Patients using LloydsPharmacy’s private medicated weight loss service lost more than 20 tonnes of weight in total since it was launched in July 2020, the multiple’s superintendent pharmacist has said.
As part of the service, which costs up to £260 per month, eligible patients are offered monthly consultations with a pharmacist, where they are supplied with appetite suppressant Saxenda (liraglutide; Novo Nordisk).
Saxenda was recommended by the National Institute for Health and Care Excellence in December 2020 for managing obesity in adults with a body mass index (BMI) over 35.
However, the LloydsPharmacy service is open to patients aged 18–75 years, who have a BMI of more than 30, or a BMI of over 27 if they also have a condition that is made worse by weight gain, such as a heart condition.
Around 3,500 patients have used the service since its launch.
In an interview with The Pharmaceutical Journal, on 16 March 2022, Victoria Steele, superintendent pharmacist at LloydsPharmacy, said the service “has helped patients lose over 20 tonnes of weight, which is an enormous number”.
“So, from what was quite a small service that we rolled out, it’s made a significant impact to patients,” she said.
LloydsPharmacy later clarified that a total of 23 tonnes of weight had been lost by patients between July 2020 and April 2022.
Steele’s comments were in response to questions on whether the multiple plans to expand the number of private prescribing services it offers, in light of the increasing number of pharmacists with independent prescriber qualifications, with Steele stating that LloydsPharmacy has “other services that we’re currently working on, that just aren’t ready to be released yet”.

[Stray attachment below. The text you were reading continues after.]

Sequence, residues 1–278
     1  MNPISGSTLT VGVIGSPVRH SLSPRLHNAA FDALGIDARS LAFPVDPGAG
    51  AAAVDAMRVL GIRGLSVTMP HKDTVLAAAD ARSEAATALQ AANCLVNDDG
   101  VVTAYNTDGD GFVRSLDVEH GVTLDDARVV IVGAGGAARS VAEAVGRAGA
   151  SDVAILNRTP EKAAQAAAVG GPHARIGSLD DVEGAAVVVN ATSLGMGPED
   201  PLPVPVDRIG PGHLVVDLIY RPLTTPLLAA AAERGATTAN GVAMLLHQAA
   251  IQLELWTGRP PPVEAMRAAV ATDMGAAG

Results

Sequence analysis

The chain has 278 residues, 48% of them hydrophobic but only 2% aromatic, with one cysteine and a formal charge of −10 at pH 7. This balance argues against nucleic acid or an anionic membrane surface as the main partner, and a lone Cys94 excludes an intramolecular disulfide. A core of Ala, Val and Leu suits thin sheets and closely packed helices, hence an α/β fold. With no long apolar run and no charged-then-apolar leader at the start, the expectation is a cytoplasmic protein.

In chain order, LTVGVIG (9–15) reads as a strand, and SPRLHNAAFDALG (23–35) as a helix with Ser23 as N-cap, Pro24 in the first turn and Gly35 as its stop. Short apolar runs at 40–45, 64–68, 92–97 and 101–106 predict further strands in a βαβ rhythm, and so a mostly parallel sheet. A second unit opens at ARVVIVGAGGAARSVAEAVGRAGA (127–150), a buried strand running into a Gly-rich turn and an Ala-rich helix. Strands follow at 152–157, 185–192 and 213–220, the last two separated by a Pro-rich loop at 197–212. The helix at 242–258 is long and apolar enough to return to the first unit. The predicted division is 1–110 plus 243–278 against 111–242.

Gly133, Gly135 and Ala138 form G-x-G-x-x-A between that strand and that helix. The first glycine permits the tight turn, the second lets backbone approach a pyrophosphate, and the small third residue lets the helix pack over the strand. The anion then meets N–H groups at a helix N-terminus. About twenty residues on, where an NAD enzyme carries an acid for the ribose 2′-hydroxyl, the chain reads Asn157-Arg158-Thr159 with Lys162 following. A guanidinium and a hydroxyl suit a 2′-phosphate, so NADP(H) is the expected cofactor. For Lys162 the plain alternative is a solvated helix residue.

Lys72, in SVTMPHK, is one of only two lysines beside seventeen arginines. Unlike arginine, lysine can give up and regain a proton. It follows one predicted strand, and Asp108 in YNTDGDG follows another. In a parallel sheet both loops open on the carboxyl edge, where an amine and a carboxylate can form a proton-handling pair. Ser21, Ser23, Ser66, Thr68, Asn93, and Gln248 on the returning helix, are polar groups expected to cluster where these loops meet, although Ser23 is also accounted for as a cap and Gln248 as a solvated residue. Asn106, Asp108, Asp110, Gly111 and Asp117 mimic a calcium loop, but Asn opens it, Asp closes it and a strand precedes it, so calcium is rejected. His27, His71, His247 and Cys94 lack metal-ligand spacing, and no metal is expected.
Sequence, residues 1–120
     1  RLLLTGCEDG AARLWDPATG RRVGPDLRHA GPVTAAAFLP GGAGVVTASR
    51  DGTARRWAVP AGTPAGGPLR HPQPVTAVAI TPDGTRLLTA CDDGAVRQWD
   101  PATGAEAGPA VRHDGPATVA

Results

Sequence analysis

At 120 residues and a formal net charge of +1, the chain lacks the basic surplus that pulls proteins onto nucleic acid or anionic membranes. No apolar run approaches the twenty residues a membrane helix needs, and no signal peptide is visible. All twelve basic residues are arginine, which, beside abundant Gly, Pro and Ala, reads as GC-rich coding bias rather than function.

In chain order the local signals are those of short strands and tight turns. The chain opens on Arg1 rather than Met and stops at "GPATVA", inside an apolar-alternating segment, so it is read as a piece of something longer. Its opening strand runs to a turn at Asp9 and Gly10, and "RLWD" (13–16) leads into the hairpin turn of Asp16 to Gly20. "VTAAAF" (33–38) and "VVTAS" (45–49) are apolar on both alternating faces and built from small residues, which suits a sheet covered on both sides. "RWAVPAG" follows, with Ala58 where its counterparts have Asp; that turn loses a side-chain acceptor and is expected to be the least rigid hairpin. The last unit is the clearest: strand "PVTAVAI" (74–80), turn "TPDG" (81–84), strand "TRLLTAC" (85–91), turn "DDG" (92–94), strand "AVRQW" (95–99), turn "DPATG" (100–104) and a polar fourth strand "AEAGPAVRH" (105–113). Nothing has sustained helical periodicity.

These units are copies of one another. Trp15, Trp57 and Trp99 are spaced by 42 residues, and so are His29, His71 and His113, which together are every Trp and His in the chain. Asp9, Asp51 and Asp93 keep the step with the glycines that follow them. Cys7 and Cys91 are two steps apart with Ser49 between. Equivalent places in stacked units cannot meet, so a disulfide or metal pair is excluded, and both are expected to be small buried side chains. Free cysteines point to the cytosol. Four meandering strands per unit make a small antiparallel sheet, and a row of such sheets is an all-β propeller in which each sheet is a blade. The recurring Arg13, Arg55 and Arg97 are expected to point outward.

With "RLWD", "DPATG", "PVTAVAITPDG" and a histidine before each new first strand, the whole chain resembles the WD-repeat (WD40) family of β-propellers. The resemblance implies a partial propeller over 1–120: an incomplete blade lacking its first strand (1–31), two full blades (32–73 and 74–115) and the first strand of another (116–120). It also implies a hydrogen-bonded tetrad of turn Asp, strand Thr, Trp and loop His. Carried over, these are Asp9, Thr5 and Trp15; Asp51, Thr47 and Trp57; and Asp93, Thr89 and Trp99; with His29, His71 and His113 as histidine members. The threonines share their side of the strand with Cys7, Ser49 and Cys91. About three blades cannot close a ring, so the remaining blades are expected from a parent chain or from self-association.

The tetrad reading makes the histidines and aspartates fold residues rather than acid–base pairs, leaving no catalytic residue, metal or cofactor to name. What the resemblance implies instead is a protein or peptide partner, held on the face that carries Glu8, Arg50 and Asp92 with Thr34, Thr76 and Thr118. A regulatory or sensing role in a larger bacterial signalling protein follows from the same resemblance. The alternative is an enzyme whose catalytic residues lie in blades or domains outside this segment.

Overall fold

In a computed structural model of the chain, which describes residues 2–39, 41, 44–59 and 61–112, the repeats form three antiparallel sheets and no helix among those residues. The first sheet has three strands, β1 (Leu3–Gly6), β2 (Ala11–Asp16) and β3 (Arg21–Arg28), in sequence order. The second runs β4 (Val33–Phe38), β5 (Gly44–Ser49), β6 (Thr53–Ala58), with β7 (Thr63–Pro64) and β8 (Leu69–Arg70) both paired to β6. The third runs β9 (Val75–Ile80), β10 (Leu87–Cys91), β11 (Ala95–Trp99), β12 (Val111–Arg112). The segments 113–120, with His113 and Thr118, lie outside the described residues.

She said that the multiple “currently [has] 65 pharmacists on a clinical diploma, which will bolt on to an independent prescribing (IP) qualification at the end of that”.
However, she added that support for pharmacists to use their IP qualifications varies by country.
“It’s clearly very different across the countries, in Wales and Scotland, it is very easy to see your path and what services you will then provide with your qualification,” she said.
“England still has a little way to go in that. And that will then help for us to be able to find our way.”
In the interview, Steele also warned that pharmacy roles in primary care networks, the opportunity to become vaccinators against COVID-19, and an increase in early retirement has been “clawing away” at the community pharmacy workforce.
“There simply are not enough pharmacists working in community pharmacy,” she said.
“Some people say: ‘But there’s this many people on the register’. Yes, there is. Can’t deny that. Are they working here in community pharmacy? No, they’re not.”
Pharmacists were added to the Home Office’s shortage occupation list in March 2021, making it easier for staff from abroad to successfully apply for a skilled worker visa through the UK’s immigration system.